December 22, 2013

Tricycle's Top 13 of 2013

A compilation of this year's heavy hitters

It was a good year. And to showcase just how good, we've put together the crème de la crème of Tricycle in 2013. From the story of how Tibetan Buddhism really came to America, to the hilarious ups and downs on the path to enlightenment, to HHDL as an angry Marxist, our list below (with clickable images!) has it all. This year, we also introducted Tricycle Original Shorts and featured 12 eclectic teachers in our online retreats. Let us know if we missed anything and what your favorites of 2013 were in the comments section. And Happy New Year!

From the magazine:

The Examined Life: The lessons of Zen monk and professor Seido Ray Ronci inspire the student in all of us

Tricycle Original Short: Timeless wisdom and martial arts from Shifu Shi Yan Ming, a 34th generation Shaolin monk transplanted to New York City

The Art of Being Wrong: Novelist Henry Shukman explains why being wrong can be the best thing that ever happened to us

A Question of Faith: Scientist Rupert Sheldrake questions the dogmas common to his profession

Context Matters: Warning: Don’t assume that Buddhism transcends cultural mores. An exclusive interview with Buddhist scholar David McMahan 

From Russia with Love: The Bourne Migrancy—the action-packed, politically fraught journey of how Tibetan Buddhism first came to America

A Life Too Long: One family's journey through the labyrinth of modern medicine's war on death

Okay As It Is, Okay As You Are: Zen teacher Merle Kodo Boyd recalls her journey from the segregated South to the meditation hall

A Funny Thing Happened on the Way to Enlightenement: A uniquely uproarious account of the agonies and ecstasies of quieting the mind

Sex in the Sangha... Again: Four accomplished Buddhist teachers discuss what exactly is causing sex scandals in the sangha and how external change must come from within

From the blog:

10 Misconceptions about Buddhism: You think you know, but you have no idea: the little-known truths behind the big ideas of Buddhism

We Are Not Kind Machines: Scholar, author, and meditation master Lama Jampa Thaye doses out a radical rejection of scientific Buddhism

The (Justifiably) Angry Marxist: The Dalai Lama speaks on the usefulness of anger and the resonance between Marxism and Buddhism, calling himself a Marxist

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CDAN1's picture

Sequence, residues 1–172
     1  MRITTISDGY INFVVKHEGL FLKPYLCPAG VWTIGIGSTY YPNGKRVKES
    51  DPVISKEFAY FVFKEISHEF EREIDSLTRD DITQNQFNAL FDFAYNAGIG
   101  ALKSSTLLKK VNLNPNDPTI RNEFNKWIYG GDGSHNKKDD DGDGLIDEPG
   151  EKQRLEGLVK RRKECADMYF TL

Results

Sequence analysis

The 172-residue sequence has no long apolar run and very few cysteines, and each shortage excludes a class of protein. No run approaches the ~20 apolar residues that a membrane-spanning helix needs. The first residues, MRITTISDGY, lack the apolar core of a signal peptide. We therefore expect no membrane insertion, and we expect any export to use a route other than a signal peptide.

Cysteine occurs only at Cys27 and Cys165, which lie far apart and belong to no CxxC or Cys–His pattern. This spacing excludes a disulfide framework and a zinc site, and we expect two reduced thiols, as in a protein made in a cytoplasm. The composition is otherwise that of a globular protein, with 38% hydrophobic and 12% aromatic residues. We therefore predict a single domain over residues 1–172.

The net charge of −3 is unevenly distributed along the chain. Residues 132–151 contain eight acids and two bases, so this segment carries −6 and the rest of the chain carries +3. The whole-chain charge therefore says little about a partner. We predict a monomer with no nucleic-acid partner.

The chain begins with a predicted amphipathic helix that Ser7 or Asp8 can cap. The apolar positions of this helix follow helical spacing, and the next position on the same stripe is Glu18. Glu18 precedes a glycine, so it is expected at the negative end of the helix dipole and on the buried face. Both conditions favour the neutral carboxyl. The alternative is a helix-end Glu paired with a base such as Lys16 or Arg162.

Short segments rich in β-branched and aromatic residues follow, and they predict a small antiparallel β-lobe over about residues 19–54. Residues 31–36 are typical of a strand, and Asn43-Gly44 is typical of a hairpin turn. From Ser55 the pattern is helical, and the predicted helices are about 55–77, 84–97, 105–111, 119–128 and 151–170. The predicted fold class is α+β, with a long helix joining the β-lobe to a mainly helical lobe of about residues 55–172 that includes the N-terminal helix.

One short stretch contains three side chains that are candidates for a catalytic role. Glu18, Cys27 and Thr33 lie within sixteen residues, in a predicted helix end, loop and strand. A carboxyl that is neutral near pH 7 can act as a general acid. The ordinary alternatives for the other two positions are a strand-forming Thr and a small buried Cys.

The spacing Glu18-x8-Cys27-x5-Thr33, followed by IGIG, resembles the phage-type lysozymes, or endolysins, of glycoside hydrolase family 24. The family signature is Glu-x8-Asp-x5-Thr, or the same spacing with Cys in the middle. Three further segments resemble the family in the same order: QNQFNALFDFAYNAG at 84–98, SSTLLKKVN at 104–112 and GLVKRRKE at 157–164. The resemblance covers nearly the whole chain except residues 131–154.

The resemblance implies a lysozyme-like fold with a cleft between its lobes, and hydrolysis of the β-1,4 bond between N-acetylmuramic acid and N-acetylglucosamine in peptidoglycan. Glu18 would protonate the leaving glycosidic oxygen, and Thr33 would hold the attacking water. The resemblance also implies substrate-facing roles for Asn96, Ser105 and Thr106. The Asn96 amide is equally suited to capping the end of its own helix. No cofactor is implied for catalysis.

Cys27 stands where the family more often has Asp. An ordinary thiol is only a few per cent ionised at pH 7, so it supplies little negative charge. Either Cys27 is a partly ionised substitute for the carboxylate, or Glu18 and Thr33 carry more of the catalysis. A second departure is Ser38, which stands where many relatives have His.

Re #10 : The Dalai Lama states unequivocally that Buddhism is the only path to Enlightenment? wow.
Flies in the face of what he is quoted as saying, "I always tell my Western friends that it is best to keep your own traditions. Changing religions is not easy and sometimes causes confusion. You must value your won tradition and honor your own religion." I have personally seen him speak 9 times I have seen him in many many webcasts. And his talks totally reflect this same view. My thoughts may be narrow, but lead me to only to conclude that if I read your viewpoint together with his quote that he wants to keep Buddhism rather elitist, which is not at all in keeping with his message. The Buddha is also credited with saying, "Believe nothing, no matter where you read it, who said it, no matter if I have said it, unless it agrees with your own reason and your own common sense." Dalai Lama also reflected this view in his talks that I have attended. You are Buddhist scholars. I am not. However, my own reason and 26 years of studying Buddhism, direct experiences, and common sense can only bring about a skeptical half smile from me. And, for me, discredits the entire article in areas where their perceptions of the other 9 misconceptions may indeed be accurate.

josiedixon's picture

i find this thread quite remarkable ... does anyone moderate these pages?

Joanna Piacenza's picture

We do. And we're happy to let the conversation ebb and flow as long as it remains tasteful.

Joanna Piacenza

Wisdom Moon's picture

Okay, I made my points; there's really no need to continue the discussion as it seems to be leading to more and more bitter comments and personal attacks. Thanks for reading and replying to my points, it's been an interesting discussion.

Happy New Year everyone!

Dolgyal's picture